The menu at LMNT Eat is bold in that it doesn’t conform to the typical Taiwanese take on Western food. It’s almost as if each dish was meticulously designed by asking Taipei’s expatriates what foods they missed, and then added a motley mixture of fresh flavors to them.
The decoration inside LMNT is bold too, but there is also an air of elegance making it romantic enough to bring a date but casual enough to entertain a colleague. Since opening last year, LMNT’s eats have been tweaked and tinkered with and a newer menu was recently unveiled. For appetizers, we started with the sauteed button mushrooms (NT$240), which were enlivened by a touch of brandy. The Buffalo wings (NT$260 for 8) were what Buffalo wings are supposed to be: meaty and spicy. They are on par with the best I’ve had in the city. The truffle mac and cheese (NT300) was also good — so good, in fact, that we ordered seconds, then thirds. It’s a rich and robust mixture of cheeses, sprinkled with bacon and coated with truffle oil.
The LMNT “Must Try” burger (NT$390) is just that. It’s thick with mushrooms, bell peppers, bacon, cheese, caramelized onions, jalapenos and an over-easy egg piled on a handmade 6oz Angus beef patty. All burgers and sandwiches come with a side of fries, salad, coleslaw or hash browns. If you go with the fries, be sure to dip them in the black truffle sauce (NT$80).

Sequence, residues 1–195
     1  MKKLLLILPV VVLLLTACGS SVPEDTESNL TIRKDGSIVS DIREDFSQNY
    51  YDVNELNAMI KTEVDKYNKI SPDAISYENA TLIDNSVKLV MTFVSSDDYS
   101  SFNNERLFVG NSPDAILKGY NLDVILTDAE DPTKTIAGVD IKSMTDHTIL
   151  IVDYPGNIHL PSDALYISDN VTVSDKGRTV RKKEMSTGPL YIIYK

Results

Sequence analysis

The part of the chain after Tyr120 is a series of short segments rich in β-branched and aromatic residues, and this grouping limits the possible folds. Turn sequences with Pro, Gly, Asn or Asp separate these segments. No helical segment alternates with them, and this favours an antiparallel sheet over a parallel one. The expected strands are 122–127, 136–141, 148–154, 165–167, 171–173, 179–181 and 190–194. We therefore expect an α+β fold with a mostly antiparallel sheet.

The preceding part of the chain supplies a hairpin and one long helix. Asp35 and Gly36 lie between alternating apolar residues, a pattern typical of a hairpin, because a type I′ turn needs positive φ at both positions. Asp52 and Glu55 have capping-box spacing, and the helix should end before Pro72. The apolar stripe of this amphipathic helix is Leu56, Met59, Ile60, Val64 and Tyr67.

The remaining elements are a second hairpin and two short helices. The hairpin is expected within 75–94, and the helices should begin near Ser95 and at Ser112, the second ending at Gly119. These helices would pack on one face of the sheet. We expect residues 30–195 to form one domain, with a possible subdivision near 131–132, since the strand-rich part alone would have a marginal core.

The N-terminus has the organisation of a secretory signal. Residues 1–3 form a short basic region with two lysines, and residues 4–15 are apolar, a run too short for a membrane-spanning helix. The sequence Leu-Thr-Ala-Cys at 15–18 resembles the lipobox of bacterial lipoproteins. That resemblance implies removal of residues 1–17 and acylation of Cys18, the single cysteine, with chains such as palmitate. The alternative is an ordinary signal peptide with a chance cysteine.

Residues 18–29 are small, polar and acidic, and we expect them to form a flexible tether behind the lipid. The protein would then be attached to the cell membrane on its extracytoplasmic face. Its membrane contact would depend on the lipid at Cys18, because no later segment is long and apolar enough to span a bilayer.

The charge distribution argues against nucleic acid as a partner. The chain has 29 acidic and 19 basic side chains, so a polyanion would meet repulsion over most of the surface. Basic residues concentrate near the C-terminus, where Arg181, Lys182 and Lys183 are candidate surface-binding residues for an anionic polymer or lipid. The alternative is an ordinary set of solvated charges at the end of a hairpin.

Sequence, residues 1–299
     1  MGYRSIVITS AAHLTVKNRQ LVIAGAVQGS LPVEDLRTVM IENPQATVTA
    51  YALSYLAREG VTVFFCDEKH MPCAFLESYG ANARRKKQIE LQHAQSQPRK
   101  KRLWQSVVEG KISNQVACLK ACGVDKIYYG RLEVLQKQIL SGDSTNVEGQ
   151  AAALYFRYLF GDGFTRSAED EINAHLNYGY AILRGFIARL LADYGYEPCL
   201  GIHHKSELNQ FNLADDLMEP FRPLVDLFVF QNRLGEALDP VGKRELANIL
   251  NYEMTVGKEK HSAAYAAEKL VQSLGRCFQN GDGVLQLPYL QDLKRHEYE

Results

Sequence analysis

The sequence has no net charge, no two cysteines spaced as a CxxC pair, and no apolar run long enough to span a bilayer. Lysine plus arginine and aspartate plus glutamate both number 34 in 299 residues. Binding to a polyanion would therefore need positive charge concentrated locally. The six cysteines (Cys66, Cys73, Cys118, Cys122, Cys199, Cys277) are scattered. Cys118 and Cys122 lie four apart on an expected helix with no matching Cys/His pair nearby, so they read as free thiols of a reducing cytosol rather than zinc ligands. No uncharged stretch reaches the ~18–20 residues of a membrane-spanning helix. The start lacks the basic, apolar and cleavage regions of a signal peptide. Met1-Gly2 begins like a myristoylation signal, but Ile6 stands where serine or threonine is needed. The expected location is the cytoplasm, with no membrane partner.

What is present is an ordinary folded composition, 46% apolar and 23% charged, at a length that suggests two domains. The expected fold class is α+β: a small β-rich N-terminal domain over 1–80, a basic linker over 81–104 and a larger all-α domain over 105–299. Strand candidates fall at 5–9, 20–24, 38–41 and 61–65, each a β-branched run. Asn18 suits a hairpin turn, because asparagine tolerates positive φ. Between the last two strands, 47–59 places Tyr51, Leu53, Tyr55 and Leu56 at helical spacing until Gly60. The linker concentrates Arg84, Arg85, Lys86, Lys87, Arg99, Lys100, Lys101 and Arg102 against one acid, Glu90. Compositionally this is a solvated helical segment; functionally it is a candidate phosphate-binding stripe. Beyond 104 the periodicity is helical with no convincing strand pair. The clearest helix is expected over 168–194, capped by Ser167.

Photo: Olivia Wycech
I’m not a risotto fan, but after a few bites of the mushroom truffle risotto (NT$330), which is spiked with white wine, I reconsidered my stance. And my dining companions had to fight to get a morsel of my vodka-infused salmon penne (NT320) and creamy marinara sauce with hints of dill.
Hawaiians will be happy to see Loco Moco (NT$290) on the menu and not something with pineapple, for once. The traditional island fare is made from long grain rice and an Angus beef patty soaked in gravy. The sunny side up egg that topped off the dish made me feel as though I was eating breakfast for dinner. On to the meat and potatoes, the rosemary roasted half chicken with porcini sauce (NT$450) was so moist that the garlic mashed potatoes and seasonal vegetables were subsumed in the jus.
LMNT’s traditional steakhouse-style hunk of meat, which is charred a rich mahogany and served with seasonal vegetables and garlic mashed potatoes, is not only recommended by staff but is developing fans among its repeat customers. The 12oz rib eye (NT$980) is served with sea salt, while the 8oz filet mignon (NT$990) is swimming in a porcini mushroom sauce.
Photo: Olivia Wycech
For dessert I had the French toast baguette stuffed into a cup with banana flambe and served with a scoop of Swenson’s vanilla ice cream (NT$220). I would have never ordered the tiramisu (NT$200) myself, but we ordered one for the table and it was supple and creamy. If you prefer to drink your dessert, the hot chocolates (NT$180) are infused with your choice of apricots, raspberries, Morello cherries, blood oranges or figs.
LMNT is also offering a brunch menu that’s worth a wake up call because they offer some rarities like shrimp and grits (NT$300) and Canadian ham (NT$80). For those lucky enough to enjoy extended lunches midweek, there are four business lunch menus that rotate weekly and offer some entrees served with soup or salad and coffee or tea (NT260).
Photo: Olivia Wycech
Address: 1F, 28, Songshou Rd, Taipei City (台北市信義區松壽路28號1F)
Telephone: (02) 2723-9673
Open: Daily 11am to 10pm
Average meal: NT$300 to NT$1000
Details: Chinese and English menu, credit cards accepted
On the Net: www.facebook.com/lmnt.drinkandeat
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